The Naked Sun

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The Naked Sun is a 1957 Science Fiction and Crime Fiction Novel by Isaac Asimov, the second of his "Robot Trilogy".

Elijah "Lije" Baley, freshly promoted from his previous successful case in The Caves of Steel, is contracted by political machinations far above his pay grade to investigate a murder on one of the "Spacer" Worlds - Solaria, the richest, most sparsely populated, and most technologically advanced of them all. This makes it, of course, the absolute opposite of the overpopulated, crowded, technologically backward Earth of his exclusive experience. On Solaria, humans are thoroughly outnumbered by their robot servants, to the point where every individual person has an estate of hundreds or thousands of acres, maintained entirely by robot, on which they are the only inhabitant, with the possible exception of a spouse. Even in cases of marriage, Solarians consider it all but inconceivable to come into presence of another human being for any purpose, though Delmarre did so as a matter of "duty". Along with his agoraphobia, this is one of the major barriers to Lije's investigation.

The victim is Rikaine Delmarre, a well-respected but not well-liked native Solarian. The only suspect is his beautiful wife, Gladia, who maintains her innocence despite having been the only person within hundreds of miles at the time of the murder. Lije is assisted for a second time by R. Daneel Olivaw. (The "R" stands for "Robot".) He's fully humanoid, and despite the Solarians' expertise with robots, able to conceal his robotic nature completely. Lije deals with uncooperative authorities, assassination attempts on him and his witnesses, and a world completely different from his own as he attempts to solve the mystery.


Tropes used in The Naked Sun include:
  • Androids and Detectives - Less emphasis on this than there was in The Caves of Steel, but it's still present.
  • Bluffing the Murderer - In the finale, as he lists the motives and means and even opportunities of everyone involved, without focusing on the murderer specifically.
  • Blue and Orange Morality: The whole morals of Solaria seem to be built around personal contact being obscene.
  • Designer Babies - All children on Solaria are grown in test tubes and vats, screened for genetic problems, raised collectively and taught to dislike human presense. This is considered a repugnant job, but Delmarre took it out of his strong sense of duty.
  • Electronic Speech Impediment - Robots who partially violate a Law can suffer damage to their speech programming; one robot who serves poisoned tea unknowingly ends up with a stammer. This is why there was a broken robot at the crime scene - its arm was the murder weapon, and when it realized what had happened, the First Law violation caused its programming to snap.
  • Fair Play Whodunnit
  • Found the Killer, Lost the Murderer - Inverted. Lije catches the murder but deliberately lets the killer go free.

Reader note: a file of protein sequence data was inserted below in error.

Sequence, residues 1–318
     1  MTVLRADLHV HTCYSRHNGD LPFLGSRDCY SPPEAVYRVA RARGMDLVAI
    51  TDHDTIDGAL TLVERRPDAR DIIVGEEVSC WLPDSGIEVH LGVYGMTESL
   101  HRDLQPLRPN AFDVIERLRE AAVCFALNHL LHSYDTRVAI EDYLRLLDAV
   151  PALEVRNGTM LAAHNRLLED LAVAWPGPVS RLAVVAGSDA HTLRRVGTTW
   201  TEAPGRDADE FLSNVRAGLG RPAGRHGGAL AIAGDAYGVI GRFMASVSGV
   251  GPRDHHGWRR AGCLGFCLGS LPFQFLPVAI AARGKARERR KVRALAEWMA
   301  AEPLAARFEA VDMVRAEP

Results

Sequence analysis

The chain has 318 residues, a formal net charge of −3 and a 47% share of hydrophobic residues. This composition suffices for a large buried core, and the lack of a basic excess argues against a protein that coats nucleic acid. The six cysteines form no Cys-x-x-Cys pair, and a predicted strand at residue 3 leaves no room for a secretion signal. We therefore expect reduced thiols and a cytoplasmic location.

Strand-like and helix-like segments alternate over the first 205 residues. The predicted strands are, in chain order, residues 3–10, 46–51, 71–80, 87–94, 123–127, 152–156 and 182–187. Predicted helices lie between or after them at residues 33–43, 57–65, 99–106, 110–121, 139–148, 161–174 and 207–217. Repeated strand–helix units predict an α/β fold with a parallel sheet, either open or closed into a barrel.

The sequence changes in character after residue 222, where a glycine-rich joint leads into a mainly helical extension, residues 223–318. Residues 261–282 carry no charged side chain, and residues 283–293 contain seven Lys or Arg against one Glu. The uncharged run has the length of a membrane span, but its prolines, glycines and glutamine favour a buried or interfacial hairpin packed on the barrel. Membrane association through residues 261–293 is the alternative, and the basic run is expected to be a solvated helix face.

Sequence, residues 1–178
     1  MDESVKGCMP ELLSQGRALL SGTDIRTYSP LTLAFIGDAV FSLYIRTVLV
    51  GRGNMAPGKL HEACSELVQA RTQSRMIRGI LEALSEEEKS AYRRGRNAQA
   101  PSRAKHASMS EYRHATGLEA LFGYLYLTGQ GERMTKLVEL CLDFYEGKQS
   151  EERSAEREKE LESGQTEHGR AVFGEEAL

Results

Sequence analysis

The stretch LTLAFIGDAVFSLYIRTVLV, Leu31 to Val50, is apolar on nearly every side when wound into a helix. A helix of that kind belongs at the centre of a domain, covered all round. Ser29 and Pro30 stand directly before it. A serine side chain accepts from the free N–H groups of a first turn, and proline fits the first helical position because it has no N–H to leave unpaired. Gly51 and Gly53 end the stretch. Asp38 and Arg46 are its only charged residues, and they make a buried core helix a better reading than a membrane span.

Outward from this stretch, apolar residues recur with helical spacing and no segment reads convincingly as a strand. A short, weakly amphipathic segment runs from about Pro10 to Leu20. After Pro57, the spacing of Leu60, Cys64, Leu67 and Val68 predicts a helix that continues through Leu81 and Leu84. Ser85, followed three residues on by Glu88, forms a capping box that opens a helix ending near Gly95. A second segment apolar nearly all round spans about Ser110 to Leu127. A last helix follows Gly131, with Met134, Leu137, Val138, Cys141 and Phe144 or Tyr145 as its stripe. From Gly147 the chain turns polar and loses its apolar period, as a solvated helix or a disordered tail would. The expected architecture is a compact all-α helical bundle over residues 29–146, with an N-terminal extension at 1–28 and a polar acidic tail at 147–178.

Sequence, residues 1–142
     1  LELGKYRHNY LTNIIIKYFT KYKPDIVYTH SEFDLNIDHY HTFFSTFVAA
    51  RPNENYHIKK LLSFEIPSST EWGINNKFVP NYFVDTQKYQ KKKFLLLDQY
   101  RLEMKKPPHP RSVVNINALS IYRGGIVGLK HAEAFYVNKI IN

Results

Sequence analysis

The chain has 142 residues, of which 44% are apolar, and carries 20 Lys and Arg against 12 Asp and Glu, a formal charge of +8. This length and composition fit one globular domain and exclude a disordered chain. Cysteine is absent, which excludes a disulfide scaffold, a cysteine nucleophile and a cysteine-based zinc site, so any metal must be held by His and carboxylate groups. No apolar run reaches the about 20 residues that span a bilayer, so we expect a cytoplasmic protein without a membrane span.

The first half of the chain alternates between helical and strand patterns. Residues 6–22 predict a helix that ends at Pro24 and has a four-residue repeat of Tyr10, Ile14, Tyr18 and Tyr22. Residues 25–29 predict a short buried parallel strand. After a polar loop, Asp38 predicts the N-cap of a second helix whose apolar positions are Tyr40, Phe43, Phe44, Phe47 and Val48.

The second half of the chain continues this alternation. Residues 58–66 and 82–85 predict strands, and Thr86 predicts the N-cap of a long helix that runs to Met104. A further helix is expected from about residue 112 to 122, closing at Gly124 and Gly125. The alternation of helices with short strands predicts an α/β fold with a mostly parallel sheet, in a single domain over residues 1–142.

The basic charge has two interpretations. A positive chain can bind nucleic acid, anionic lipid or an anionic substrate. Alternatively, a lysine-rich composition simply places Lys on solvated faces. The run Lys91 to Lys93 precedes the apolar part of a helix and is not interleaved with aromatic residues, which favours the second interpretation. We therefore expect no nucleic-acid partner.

• Innocent Fanservice Girl: Since Solarians despise human contact they communicate with very realistic holograms (called "viewing", as opposed to "seeing"). When Baley first wants to talk with Gladia, she appears naked on the hologram; she doesn't understand his embarrassment, since it's just "viewing" -- it's not as though he's there in person or anything. Daneel tells her to put some clothes on.
  • It Is Pronounced "Tro-PAY" - Gladia's name is pronounced glah-DIE-ah.
  • Make It Look Like an Accident - All of the attempted murders on Lije and his assistants are carried out through robotic means, despite the laws of robotics! See "Three Laws"-Compliant below.
  • Nightmare Fuel - In-universe examples. Centuries of being cooped up inside walled cities have given all Earthmen intense agoraphobia (fear of the outdoors), to the point that Daneel fears Lije will panic just from seeing out an open window, and flatly refuses to let him open the top of the convertible car they're in when they first arrive on the planet. On the other side of the spectrum, there's Solarians. They've isolated themselves from others for so long that they have Anthropopobia (fear of other people). In one case, it's so bad that one of the characters mentally regress nearly to infancy at the thought of being in the same room as another person.
  • Perfect Poison: Subverted. The poisoner uses too much poison, and the victim vomits it up before it can kill him.
  • Please Put Some Clothes On: Gladia's first interview.
  • "Three Laws"-Compliant - Naturally. There are no mis-programmed robots in this book. However, there is an unspoken assumption built into the laws of robotics that becomes highly significant. Law One: "A robot may not knowingly injure a human being or, through inaction, knowingly allow a human being to come to harm." Basically, a robot can perform an innocuous task, individually harmless, which taken along with a number of other tasks performed by other robots or people, would cause a human being serious harm or death.
  • Title Drop
  • Torture Always Works - Subverted. Lije set up events so that the person he pins the murder on will think he's about to be in physical proximity with another human, an idea that revolts him even more than most other Solarians. This causes him to "confess" to his crimes, but he never actually confesses to the murder. In the end, it turns out he wasn't actually the murderer.
  • Zeerust - Dr. Delmarre and his assistant were still working on how to create children without two people having sex, thousands of years into the future.
    • Maybe not Zeerust. This would involve not just artificial insemination, but also artificial wombs. After all, having another person inside you is the ultimate in proximity.